Friday, February 26, 2010

take a bullet or a number...

I receive countless 'drum up business' e-mails daily.

Overstock, SmartBargains, Borders, Zappos and LandsEnd; to name a few. Normally I just hit 'delete' and away it goes. Zap. Incinerated into the spam abyss.

Granted, these e-mails more than once have led me to a fantastic deal or two. But most times it's not.

So the delete key and my pointer finger have become quite well acquainted.

But this one caught my eye. The marketing guys done did good.
Marketing: 3 Delete Button: 10,942

$35 covers a complete meal, including tip and mini-spa night with gift from Aveda. Targeting the female audience for a girls night out, the restaurant holds this gig every third Monday of the month. Monday nights must be hurting for biz.

So looking for some compatriots to indulge, I forwarded the spam to some of my local friends. See if anyone else was intrigued with the idea of pampered 'me' time. No children. No spouses or significant others. Just the gals.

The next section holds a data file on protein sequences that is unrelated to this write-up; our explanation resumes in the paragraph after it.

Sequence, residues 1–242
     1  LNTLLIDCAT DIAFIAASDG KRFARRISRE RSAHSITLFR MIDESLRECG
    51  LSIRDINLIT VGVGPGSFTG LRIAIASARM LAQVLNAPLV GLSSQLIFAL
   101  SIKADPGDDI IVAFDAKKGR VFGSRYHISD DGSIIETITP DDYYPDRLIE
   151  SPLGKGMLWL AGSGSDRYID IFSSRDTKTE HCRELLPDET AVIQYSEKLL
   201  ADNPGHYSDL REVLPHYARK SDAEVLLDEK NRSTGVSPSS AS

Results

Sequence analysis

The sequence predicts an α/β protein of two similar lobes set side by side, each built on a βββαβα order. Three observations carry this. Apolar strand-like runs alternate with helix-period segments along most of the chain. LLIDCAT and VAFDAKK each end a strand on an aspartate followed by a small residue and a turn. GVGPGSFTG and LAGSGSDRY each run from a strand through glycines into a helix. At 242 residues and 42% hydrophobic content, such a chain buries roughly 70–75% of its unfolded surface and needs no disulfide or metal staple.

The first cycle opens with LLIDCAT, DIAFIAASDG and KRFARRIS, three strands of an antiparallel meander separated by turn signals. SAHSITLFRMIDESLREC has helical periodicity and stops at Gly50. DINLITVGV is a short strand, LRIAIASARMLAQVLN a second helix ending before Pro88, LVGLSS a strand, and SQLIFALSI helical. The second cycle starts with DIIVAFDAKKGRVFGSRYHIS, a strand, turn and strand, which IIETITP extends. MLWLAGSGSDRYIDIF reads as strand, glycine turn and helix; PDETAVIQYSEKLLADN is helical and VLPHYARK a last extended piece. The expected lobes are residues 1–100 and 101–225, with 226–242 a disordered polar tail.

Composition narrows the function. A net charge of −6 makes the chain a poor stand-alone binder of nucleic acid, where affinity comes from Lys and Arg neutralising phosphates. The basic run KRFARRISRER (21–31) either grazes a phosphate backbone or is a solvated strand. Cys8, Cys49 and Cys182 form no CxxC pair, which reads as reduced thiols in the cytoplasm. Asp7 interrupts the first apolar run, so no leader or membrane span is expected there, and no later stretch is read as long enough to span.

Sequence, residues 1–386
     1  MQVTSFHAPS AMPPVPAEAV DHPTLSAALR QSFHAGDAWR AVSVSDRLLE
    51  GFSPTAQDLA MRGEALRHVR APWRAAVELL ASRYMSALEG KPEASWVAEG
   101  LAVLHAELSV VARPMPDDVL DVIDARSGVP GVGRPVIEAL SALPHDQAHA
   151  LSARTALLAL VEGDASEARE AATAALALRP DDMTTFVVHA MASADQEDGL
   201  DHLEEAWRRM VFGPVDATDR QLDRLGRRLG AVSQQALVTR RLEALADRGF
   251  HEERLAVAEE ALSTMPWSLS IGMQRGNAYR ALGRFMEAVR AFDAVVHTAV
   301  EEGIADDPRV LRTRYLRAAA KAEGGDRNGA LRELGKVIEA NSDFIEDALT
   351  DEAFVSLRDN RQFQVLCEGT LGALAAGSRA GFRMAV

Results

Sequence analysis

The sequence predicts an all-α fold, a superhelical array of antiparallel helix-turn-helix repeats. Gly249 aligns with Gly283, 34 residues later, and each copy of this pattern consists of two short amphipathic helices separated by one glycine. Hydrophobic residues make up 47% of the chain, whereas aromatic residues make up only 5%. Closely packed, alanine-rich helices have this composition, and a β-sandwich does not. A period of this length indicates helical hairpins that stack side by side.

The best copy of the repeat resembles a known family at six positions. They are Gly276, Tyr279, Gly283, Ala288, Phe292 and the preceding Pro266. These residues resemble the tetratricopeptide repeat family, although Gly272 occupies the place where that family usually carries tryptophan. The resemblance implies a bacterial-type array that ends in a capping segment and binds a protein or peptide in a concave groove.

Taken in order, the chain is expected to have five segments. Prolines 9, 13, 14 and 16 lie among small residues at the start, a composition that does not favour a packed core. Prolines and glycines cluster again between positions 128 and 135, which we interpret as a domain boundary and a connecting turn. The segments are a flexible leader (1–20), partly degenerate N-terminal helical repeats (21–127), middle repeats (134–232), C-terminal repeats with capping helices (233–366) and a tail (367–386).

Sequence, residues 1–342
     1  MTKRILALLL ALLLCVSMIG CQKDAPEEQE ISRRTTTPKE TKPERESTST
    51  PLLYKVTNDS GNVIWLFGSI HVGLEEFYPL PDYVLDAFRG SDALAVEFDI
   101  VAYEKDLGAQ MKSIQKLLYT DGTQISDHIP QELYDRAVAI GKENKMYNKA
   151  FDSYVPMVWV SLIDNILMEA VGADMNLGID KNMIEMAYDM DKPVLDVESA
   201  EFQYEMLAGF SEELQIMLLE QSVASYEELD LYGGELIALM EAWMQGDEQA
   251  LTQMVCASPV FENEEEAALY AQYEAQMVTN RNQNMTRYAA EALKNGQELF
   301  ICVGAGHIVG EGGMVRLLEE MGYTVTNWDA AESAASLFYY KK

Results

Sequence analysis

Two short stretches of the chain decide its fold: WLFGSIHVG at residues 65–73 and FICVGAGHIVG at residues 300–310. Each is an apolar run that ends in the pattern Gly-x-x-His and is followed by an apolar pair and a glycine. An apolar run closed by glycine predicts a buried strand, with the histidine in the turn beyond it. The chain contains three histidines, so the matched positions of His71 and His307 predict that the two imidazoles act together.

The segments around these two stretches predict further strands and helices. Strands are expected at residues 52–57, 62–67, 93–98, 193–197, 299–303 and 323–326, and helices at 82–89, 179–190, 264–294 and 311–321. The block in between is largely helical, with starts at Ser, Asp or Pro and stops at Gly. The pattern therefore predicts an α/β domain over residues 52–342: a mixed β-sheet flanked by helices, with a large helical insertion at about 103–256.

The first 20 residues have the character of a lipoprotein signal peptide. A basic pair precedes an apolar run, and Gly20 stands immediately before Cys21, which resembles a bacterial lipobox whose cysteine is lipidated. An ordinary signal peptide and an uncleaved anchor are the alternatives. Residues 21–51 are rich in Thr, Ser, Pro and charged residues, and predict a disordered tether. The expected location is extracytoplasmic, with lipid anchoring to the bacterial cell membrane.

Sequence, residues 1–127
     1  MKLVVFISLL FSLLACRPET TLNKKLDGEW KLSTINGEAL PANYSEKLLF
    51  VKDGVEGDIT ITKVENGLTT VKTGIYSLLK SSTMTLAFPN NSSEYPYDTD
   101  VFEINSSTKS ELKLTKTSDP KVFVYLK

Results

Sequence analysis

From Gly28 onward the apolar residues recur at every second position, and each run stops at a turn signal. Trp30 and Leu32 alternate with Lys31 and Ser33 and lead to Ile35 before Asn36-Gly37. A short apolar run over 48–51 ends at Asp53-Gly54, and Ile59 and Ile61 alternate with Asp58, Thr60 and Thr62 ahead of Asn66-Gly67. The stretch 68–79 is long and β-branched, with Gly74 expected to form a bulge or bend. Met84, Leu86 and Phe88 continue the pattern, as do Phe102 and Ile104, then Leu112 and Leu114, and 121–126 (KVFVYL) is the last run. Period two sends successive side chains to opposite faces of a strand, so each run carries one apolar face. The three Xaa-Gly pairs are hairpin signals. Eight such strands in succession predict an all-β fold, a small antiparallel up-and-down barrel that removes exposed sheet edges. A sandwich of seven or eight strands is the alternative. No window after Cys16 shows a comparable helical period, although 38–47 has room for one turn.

Sounds fun, doesn't it? It was. It was grand.

As we sat a talked between courses, and libations to accompany, I realized how wonderful my circle of friends were. Melissa on my right and Eileen on my left, I felt, honoured to be in their presence. They both never cease to amaze me in their awesomness. Who knew Melissa could speak Russian? I felt like Jamie Lee Curtis in a 'Fish called Wanda'...well, almost. But it definitely strengthened my 'girl crush' that's for sure. Eileen is self deprecating, but she shouldn't be. I could listen to her for hours. She, for some reason, has no idea how fabulous she really is.

In my household we've begun experiencing the first, and I'm sure not the last, of female drama with my daughter and a few of her school mates. At eleven, she hasn't had much exposure to what can be the worst of female traits. Cattiness.

She has a 'friend' that one day is her best friend and the next doesn't want her to sit at the lunch table with the rest of the girls. It's horrible. And it's mean. We've had long discussions about the true meaning of friendship. That 'it's not how many people you know, or how popular you are, but the quality of your friends that matters most.' She had an opportunity then to express her friend loyalty and chose to sit with a girl, at another table, that had been deemed unworthy to sit with the rest.

I'm so proud of her.